Eventbrite announced yesterday that it was letting go 45% of its staff. What does it mean for the delicate balance of the event technology sector?
Many Eventbrite workers are referring to what happened yesterday as to the ‘Blood Orange Wednesday’. It was heart-wrenching to see the news of Eventbrite laying of approximately 500 ‘Britelings’ unfold on Twitter.
Greetigns, I just found out that Eventbrite is laying off 45% of their workforce and I’m one of them.
Obviously We’re in strange times but I’m currently looking for a new position. Preferably based in Nashville, or remote-friendly.
Here’s my resume: https://t.co/joPYSNNfyD
— Andy Matthews (@commadelimited) April 8, 2020
I immediately followed up with our contacts at Eventbrite, some of whom I have worked with for the past five years, who confirmed the news — adding that they were let go themselves.
Eventbrite has been one of this blog’s first advertisers. We go back a long time, and this news was horrible to read. Especially knowing the heart and dedication that the company invested in human resources, I can only imagine how painful this has been for one of the few — yet very successful — women CEOs of the event industry, Julia Hartz.
The news was followed by many rumors that more eventtech companies were furloughing or laying off. An armageddon.
#eventtech armageddon today with many rumors of more companies laying off.
— Julius Solaris (@tojulius) April 8, 2020
It was naive for me to think that, by now, most event technology companies had adjusted to the crisis. I imagined that the pivot to virtual was protecting them from the s#!+show that is this coronavirus crisis.
I was wrong.
The reality is that Eventbrite needed to free up $100M to make up for the lost business, which some sources say amounts to 90%, and they are not alone.
It is fair to assume that many event technology companies are facing the same problem. As much as they rush to create virtual tools or change their marketing narrative to support a pivot to virtual, more cash will be needed in the short term.
Eventbrite’s revenue from virtual amounted to just 10%. This may not be the case for smaller companies that have pivoted their products to virtual, but even if we spike up the figure to 20% or 30%, we are still talking about more than half of their revenue lost.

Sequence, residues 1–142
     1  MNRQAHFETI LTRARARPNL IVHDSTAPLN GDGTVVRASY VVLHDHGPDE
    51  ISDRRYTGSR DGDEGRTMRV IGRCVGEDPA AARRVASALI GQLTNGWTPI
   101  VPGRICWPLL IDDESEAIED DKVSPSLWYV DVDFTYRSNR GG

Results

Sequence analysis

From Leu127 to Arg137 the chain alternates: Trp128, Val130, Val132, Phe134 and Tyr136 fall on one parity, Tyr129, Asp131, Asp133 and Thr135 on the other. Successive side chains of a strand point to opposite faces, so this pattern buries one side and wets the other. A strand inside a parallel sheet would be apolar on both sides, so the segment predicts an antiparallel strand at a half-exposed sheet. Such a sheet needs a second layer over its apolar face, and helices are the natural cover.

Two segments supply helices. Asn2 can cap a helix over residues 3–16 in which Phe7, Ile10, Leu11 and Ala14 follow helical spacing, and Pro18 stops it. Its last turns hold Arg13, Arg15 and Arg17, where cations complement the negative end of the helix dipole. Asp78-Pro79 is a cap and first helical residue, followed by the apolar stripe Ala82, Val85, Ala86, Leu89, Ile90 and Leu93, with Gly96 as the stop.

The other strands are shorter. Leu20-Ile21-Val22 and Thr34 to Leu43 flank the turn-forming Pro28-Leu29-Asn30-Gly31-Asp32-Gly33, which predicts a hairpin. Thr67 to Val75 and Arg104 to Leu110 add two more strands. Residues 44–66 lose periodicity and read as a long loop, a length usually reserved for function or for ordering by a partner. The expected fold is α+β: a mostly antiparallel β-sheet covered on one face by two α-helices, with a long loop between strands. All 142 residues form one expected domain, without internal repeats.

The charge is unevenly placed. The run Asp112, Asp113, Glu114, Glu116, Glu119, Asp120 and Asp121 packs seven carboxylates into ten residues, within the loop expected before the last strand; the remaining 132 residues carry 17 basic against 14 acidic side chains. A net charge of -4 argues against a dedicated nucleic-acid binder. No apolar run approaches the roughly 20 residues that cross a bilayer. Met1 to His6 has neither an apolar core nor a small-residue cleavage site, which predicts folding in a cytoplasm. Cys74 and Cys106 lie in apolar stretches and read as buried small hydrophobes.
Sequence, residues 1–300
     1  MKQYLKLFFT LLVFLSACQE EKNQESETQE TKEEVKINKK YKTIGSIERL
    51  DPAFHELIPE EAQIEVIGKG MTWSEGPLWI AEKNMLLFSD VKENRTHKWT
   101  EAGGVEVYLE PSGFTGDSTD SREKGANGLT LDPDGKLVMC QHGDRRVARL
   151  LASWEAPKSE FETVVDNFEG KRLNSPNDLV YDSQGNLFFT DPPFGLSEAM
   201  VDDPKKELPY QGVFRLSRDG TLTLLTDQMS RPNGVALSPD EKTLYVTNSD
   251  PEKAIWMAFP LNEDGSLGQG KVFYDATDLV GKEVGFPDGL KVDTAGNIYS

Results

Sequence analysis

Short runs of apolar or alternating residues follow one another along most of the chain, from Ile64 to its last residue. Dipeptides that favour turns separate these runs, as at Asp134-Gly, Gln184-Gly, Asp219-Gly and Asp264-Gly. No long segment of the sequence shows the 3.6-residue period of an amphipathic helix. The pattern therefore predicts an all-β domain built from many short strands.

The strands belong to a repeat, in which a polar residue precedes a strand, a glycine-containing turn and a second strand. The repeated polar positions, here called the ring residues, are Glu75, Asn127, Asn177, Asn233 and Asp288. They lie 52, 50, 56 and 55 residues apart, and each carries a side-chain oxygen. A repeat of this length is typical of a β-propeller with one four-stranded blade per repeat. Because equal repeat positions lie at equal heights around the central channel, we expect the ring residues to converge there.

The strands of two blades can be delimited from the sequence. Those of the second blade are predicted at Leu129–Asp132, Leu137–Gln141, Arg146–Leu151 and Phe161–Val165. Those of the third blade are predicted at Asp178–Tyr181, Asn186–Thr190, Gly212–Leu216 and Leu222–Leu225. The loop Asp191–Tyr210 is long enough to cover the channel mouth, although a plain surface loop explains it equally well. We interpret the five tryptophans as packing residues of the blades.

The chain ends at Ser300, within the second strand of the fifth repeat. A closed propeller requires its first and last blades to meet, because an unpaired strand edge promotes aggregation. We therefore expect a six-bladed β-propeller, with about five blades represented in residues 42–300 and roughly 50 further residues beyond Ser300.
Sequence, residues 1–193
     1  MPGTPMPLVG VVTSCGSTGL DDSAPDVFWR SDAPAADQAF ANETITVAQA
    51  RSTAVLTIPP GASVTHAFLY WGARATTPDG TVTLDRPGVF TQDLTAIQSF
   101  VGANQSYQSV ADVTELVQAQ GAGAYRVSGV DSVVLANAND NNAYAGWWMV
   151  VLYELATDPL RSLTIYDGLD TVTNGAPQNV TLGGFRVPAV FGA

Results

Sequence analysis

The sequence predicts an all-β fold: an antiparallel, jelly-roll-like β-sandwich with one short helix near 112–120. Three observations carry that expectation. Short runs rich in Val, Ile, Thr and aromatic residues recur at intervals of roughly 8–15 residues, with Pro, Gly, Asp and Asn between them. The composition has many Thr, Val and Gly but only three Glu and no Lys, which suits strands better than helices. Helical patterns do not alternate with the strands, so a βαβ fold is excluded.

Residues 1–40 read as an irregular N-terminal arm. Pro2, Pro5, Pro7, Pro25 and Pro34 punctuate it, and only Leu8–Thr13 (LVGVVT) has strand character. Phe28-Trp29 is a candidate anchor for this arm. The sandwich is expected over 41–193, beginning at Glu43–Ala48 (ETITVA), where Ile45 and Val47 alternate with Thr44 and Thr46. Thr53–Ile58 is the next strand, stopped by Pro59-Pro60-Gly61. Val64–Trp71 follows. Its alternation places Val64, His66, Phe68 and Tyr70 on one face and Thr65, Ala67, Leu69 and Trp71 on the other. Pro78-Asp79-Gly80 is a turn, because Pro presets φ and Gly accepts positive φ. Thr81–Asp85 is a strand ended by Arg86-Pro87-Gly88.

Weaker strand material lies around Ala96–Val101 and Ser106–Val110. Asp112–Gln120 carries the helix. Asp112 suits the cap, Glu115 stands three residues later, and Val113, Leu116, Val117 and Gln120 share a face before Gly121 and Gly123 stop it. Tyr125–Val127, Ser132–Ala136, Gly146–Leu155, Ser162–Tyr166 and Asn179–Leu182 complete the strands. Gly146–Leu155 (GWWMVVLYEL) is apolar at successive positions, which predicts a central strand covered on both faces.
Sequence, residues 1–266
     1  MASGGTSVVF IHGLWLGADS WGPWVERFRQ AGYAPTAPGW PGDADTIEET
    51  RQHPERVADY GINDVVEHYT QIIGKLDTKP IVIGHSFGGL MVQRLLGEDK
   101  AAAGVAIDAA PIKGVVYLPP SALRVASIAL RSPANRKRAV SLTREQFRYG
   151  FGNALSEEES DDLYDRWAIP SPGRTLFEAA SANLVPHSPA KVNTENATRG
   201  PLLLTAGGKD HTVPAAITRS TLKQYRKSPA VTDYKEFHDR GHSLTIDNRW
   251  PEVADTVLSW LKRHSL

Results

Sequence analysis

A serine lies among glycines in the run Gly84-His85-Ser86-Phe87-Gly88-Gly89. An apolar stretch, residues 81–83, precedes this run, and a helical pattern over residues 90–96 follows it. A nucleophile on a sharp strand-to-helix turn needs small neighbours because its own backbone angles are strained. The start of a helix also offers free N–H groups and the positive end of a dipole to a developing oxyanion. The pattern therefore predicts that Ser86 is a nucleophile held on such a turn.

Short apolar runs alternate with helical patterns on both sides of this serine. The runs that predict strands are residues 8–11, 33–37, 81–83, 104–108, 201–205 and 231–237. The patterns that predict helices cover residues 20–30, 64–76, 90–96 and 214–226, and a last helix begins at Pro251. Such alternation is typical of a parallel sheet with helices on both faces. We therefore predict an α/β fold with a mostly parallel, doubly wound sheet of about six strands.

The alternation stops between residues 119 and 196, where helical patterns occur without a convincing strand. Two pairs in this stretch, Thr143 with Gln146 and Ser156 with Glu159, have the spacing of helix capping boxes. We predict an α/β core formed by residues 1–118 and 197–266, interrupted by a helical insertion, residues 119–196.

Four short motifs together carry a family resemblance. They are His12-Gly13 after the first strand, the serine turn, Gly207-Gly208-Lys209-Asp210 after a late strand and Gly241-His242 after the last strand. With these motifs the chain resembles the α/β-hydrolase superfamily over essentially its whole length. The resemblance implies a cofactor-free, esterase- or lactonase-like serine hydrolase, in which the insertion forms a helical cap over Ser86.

What Will the Event Technology Landscape Look Like?
The message is clear. Larger companies, extremely successful until February 2020, may experience some serious disruption in the next six to nine months.
On the other hand, smaller, more agile companies may get a bigger piece of the virtual pie — especially as Zoom is getting a ton of bad publicity and virtual event requirements become more sophisticated.
This is the case with some of the smaller players I’ve had the chance to talk to.
Some of them mentioned that they are experiencing unprecedented demand.
Some others are getting fast and large funding.
A few have a clear agenda to take on the bigger guys.
In essence, the coronavirus is shaking things up dramatically in the already delicate balance of the event technology market.
In essence, the coronavirus is shaking things up dramatically in the already delicate balance of the event technology market. A subsector that has always struggled to get attention is now getting some, but for completely unexpected reasons.
Event technology is geared toward live shows.
The need now is for virtual. Companies that looked up to Eventbrite and Cvent as their main competitors are now analyzing Zoom or Google Meet, thinking “how can we do this better?”
The coronavirus is leveling up the playfield, making competitive advantages such as a vast field salesforce irrelevant.
Who Will Thrive in this New Landscape and For How Long?
It seems obvious that we are playing a completely different game — one where mergers and acquisitions are a thing of the past, comparable to dining out at a restaurant during the lockdown.
The new event technology arena will be made of those companies that survive the next nine months. Those companies are flexible enough to adapt their offering to virtual events.
But that’s not all.
As you may or may not know, events won’t be the same for the next few quarters. Once the emergency is over, event technology companies will be asked to deliver a product to a completely different market.
They will be asked to once again rethink their offering. Namely, for smaller meetings with a global connection.
Event technology will act as the glue binding local events together, connecting them on a global scale.
Therefore, those celebrating now may struggle once again tomorrow. If they can adapt, companies like Meetup or the Eventbrite of 2008 will once again gain traction.
I know most of you reading this article are planners. I know also that there are many eventtech leaders avidly consuming every word we write.
This message is for you during one of the most difficult times we are facing as an industry. Be flexible, be nimble, and offer event planners in dire straits tools that they need now, in three months, in six months, and in a year’s time.
These tools may differ. That means sleepless nights developing new software for you and constant reorganization. The main objective is to survive and to thrive once things get back offline.
One thing is for sure: Every event planner dismissive of event technology will remember how virtual saved their business during these incredibly challenging times, and at that stage, all the attention you craved for the past 10 years will materialize in a few days.